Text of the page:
Online lecture on “The Khakhuli Dome Decoration: Eschatological and Historical Context”

On October 9, 2020 at 4:00 pm in Rome (CEST), The Kunsthistorisches Institut in Florenz organizes an online lecture by Dr. Ekaterine Gedevanishvili on “The Khakhuli Dome Decoration: Eschatological and Historical Context.”  

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This paper aims to trace the complexity of the decorative programme depicted in the dome of the main church at the monastery of Khakhuli. The iconography of the Apparition of the Cross, carrying triumphal and eschatological connotations, is set in a historical context that remembers the fulfilment of the Conversion of Kartli. The Ascension of the Prophet Elijah presented alongside the Vision of the Cross in the dome at Khakhuli alludes to one of the most precious relics kept in Georgia – Elijah’s mantle buried in Svet’itskhoveli together with the “unwoven Chiton” of Christ. This allusion to the former capital of Kartli, the “new Jerusalem” of Georgia, has both symbolic and political meanings at Khakhuli, as it demonstrates the spiritual unity of Georgia at that time and anticipates ideas of its political unification. The reference to one of the most important Old Testament relics, which was considered a ‘palladium’ of medieval Georgia, may also reflect the political aspirations of the Georgian ruler vis-à-vis his counterpart in the neighbouring Byzantine Empire.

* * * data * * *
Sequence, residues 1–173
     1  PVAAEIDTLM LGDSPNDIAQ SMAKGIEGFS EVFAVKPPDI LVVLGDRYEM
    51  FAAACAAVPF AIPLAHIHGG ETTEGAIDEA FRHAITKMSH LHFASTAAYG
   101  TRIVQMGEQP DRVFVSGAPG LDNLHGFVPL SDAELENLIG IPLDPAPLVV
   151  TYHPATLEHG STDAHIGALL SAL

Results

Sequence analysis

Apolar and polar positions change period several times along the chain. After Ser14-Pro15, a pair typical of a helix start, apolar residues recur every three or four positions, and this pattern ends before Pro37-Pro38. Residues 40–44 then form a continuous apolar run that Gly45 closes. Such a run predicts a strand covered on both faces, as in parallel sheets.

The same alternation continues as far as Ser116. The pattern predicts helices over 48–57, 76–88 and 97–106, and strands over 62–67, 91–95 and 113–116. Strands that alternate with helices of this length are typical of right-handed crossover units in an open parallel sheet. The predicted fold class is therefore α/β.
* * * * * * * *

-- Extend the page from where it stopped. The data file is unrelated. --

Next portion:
Dr. Ekaterine Gedevanishvili is a senior researcher at the Giorgi Chubinashvili National Research Centre for Georgian Art History and Heritage Preservation. She obtained her PhD in Art History in 2004. Eka Gedevanishvili is specialized in medieval Georgian wall paintings and icons. At present, she runs a multidisciplinary project that aims to prepare a monograph dedicated to the ‘Cult of the Holy Warriors in Georgia’. She is a longtime collaborator of the KHI, especially regarding the “Georgian Project”. In 2019, Eka Gedevanishvili directed the Summer school ‘Tao-Klarjeti’ in collaboration with the KHI, and the Universities of Freiburg and Basel. She has participated in many international conferences and congresses and has been published on medieval Georgian art intensively.

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